So often, when it comes to choosing which live recordings to buy, audiences are forced to choose between the audio and video portions of the show(s) in question.  In other cases, fans are forced to wait and see if labels will even release given shows in more than one format.  It could be argued the reason this happens is labels’ fears of said releases’ success or lack thereof.  So in releasing “Live at Wembley” in a cd/blu-ray package, Alter Bridge Recordings and EMI Label Services were taking a calculated risk.  That risk has paid off.  What fans get in this dual disc package is a nearly two hour concert that spans its whole curent catalogue.  It doesn’t feel the least bit of its near two hour time, either.  The band keeps the energy moving throughout the concert, even in its slower songs, making that run time pass by with ease.  Add in a bonus tour documentary, and audiences get a great two piece/three-part live release that has officially made its case for being named one of the year’s best live recordings.

“Live at Wembley” is only the second live release from Alter Bridge.  But it’s also the best of the pair.  The recording documents the final show on the band’s 2011 European tour.  The very first thing that fans wil notice in this set is the stunning clarity of the show’s blu-ray presentation.  If ever there was an argument for switching  to blu-ray and HDTV, the clarity of the picture in this show is it.  It’s not all that makes the video portion of the show so impressive, though.  The show itself plays its own role.  Director Daniel E. Catullo III and his crew are to be highly commended for their work on recording the performance.  The work of the camera crew really caught the vibe of both the band and the audience.  Viewers could feel both sides feeding off of one another’s energy.  That served to make the show fly by.  Before audiences know it, the show’s over.  On top of all of that, the shooting took place from both on stage and in the crowd.  It makes audiences feel as if they’re right there with those who were there at the time of the show.  All combined, these are signs of a great live show. 

Speaking of the audience and band feeding off of one another, the way that the camera crew caught the audience clapping and swaying its hands in unison showed how much the audience appreciated the band’s performance.  It was moving to see how the band’s music brought so many people from so many different backgrounds together for one special night.  It just goes to prove music’s ability to unify people.  Those moments are many throughout the show.  But there’s something beautiful and moving about them, every time.

On stage, viewers watching the show at home see the result of the audience feeding off of the band.  Frontman Myles Kennedy takes that energy from the audiences and gives it back tenfold.  He proves to be the perennial frontman, especially during ‘White Knuckles.’  He comes across as a big kid when he gets the lighting crew to bring the lights up on one side of the audience and then the other.  It’s just one of many moments that make one compare his stage presence to that of Nickelback frontman Chad Kroeger.  This is meant in a wholly complimentary manner.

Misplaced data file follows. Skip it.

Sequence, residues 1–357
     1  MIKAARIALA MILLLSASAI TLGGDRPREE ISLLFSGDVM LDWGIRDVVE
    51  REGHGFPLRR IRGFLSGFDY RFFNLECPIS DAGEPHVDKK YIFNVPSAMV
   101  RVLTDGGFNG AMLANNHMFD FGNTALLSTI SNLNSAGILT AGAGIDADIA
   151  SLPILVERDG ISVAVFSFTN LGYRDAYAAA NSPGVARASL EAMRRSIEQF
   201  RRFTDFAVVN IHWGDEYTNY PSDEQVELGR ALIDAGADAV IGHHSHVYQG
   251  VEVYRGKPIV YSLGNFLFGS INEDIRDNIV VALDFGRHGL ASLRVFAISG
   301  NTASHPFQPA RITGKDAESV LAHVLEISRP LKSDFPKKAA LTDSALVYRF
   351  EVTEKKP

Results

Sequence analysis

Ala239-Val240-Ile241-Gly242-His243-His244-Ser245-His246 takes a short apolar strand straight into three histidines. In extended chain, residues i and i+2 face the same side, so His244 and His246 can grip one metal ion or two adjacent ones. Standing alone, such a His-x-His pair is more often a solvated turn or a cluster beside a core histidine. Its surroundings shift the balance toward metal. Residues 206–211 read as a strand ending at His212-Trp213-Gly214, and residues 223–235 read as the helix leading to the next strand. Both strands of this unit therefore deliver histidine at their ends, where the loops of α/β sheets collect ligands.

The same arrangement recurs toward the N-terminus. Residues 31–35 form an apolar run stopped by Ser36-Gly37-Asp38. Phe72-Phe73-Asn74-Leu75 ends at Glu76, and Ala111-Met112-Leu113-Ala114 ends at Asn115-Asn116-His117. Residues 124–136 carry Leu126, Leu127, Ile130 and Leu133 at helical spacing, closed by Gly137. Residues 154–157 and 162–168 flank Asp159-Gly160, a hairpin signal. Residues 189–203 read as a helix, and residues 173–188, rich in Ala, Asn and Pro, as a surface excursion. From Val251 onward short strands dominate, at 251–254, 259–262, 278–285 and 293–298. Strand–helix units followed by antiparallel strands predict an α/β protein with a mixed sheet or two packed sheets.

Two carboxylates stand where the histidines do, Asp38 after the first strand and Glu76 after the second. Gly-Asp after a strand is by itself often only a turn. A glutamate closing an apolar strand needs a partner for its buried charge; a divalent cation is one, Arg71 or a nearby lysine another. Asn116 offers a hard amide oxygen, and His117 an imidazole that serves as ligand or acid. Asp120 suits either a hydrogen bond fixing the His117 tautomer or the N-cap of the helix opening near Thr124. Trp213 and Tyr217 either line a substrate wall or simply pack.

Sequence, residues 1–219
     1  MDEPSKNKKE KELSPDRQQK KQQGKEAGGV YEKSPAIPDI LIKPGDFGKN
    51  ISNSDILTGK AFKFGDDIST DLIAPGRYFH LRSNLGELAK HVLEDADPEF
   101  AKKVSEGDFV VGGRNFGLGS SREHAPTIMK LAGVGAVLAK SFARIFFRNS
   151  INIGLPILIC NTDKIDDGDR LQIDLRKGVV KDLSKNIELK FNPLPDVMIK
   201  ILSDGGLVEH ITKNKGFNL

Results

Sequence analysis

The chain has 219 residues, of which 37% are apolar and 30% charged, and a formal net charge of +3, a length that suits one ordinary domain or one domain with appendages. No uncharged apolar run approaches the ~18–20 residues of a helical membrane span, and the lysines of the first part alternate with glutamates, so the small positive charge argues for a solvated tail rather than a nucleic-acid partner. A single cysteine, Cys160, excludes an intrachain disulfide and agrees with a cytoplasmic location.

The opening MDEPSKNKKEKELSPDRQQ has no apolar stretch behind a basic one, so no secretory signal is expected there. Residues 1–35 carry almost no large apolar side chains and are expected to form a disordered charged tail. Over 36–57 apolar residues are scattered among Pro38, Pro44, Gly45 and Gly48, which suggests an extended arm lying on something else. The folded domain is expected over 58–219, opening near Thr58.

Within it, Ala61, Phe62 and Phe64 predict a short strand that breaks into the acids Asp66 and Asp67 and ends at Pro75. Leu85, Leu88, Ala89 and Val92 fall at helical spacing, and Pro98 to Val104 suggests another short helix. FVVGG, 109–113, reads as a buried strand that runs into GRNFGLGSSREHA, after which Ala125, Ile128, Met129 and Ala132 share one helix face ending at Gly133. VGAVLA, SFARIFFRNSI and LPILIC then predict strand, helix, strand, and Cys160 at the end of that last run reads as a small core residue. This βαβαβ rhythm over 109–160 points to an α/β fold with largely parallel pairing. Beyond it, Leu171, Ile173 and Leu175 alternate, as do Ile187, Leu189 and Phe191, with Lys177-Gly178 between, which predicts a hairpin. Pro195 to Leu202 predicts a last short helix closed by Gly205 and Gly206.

As amazing as the Wembley show’s video portion is, it’s only part of what makes this set a triple threat.  The bonus tour documentary shows fans a side of the band that they might not have otherwise seen before.  As noted already, frontman Myles Kennedy comes across as a big kid at least once during the show.  Listening to him talk about how amazed he is to be where he is now serves to certify that description.  He and the rest of the band–Mark Tremonti (guitars), Scott Phillips (Drums) and Brian Marshall (Bass)–come across as being very humble, hard working musicians who do what they do more for the band’s fans than for themselves.  Hearing Myles and Brian talk about how serious Myles takes the matter of caring for his voice shows how serious he is about performing.  It’s a little bit funny hearing Myles talk about people think he’s being anti-social because he doesn’t talk much before a show.  Though it does make at least a certain amount of sense.  And it makes him that much more respected both as a vocalist and a musician.

Just as impressive as the band’s devotion to performing for its fans is how serious it takes being at the level at which it now sits.  Even as big as the band is, the band’s members talk about the honor of playing Wembley.  It’s compared to playing New York’s Madison Square Garden.  The point here was to highlight that the band realizes how far it’s come to be playing one of Europe’s most legendary venues.  Of course, for all of the seriousness caught in the documentary, there are lighter moments, too.  It’s funny hearing the band talk and laugh about how expensive things are overseas versus how expensive it might be here in the United States.

The bonus documentary has far more enjoyable moments than what is noted here.  Fans who watch it for themselves will see every one of those moments.  They will also get a wonderful high def visual experience in the video portion of the show and an equally enjoyable audio portion with the included cd.  All together, this double disc set is a triple threat in the ranks of the year’s live recordings.  It could be argued that considering both the extrensic and intrinsic value of this set, Alter Bridge has made a fully valid argument for having released one of the elite top live recordings of the year.